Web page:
Why do children make the food choices they do? A participatory action research study
Waddingham, SL and Shaw, K and Murray, L and Bettiol, S, Why do children make the food choices they do? A participatory action research study, Dietitians Association of Australia 33rd National Conference, 19-21 May 2016, Melbourne. Nutrition and Dietetics 73(S1):50 ISSN 1747-0080 (2016) [Conference Extract]
There is global consensus that the establishment of healthy eating habits in childhood is important for growth, development and future protection against chronic conditions. We used participatory action research to discover from the children themselves why they make the food choices they do. A convenience sample of 80-100 students was used from a primary school in Hobart, Tasmania. Five action learning cycles were used to collect data from the children and the canteen. Data were collected from an open class discussion, the canteen and two Discovery Days (where children worked in groups to design a healthy menu). Information about foods consumed was classified as ‘red’, ‘amber’ or ‘green’ using current evidence-based guidelines about food’s health characteristics. Descriptive statistics and conventional content analysis was used to identify themes that emerged. Although ‘green’ foods featured on menus, ‘red’ foods were common choices when children were asked about favourite canteen foods and when designing their own menu. ‘Red’ and ‘Amber’ foods also dominated canteen foods offered. Emerging themes describing children’s decision-making criteria include; pleasure, physical properties, consensus, versatility, weather dependant and ostensive logic. Our study found that children themselves are reliable informants about what factors influence their food choice. A child-centred approach could be the foundation required to build programs that supports healthy decision-making behaviours and result in more effective healthy eating outcomes. We propose that school health promotion programs include the availability of mostly ‘green’ foods and are based on information from children’s own decision-making criteria about food choice.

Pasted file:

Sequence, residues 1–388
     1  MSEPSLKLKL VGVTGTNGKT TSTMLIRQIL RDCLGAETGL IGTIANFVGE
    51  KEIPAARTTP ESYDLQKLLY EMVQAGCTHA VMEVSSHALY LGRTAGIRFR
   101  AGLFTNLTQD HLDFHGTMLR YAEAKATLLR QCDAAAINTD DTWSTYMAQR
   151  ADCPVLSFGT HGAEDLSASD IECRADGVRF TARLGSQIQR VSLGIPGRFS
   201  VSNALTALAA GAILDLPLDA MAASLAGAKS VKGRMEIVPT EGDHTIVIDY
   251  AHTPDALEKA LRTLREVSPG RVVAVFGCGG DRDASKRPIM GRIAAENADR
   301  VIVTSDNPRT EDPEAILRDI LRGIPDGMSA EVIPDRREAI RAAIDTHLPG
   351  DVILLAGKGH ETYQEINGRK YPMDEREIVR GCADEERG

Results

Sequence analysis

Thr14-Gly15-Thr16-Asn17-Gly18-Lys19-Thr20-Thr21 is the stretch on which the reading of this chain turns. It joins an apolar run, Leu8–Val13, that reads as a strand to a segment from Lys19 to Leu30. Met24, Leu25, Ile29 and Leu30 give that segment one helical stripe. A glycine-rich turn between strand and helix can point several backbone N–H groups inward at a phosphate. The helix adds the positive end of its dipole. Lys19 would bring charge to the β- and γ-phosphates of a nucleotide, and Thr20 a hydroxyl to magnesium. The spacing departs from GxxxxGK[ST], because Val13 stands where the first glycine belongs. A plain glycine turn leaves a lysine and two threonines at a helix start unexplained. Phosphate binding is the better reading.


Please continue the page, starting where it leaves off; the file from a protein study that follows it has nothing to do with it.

children, nutrition, participatory action research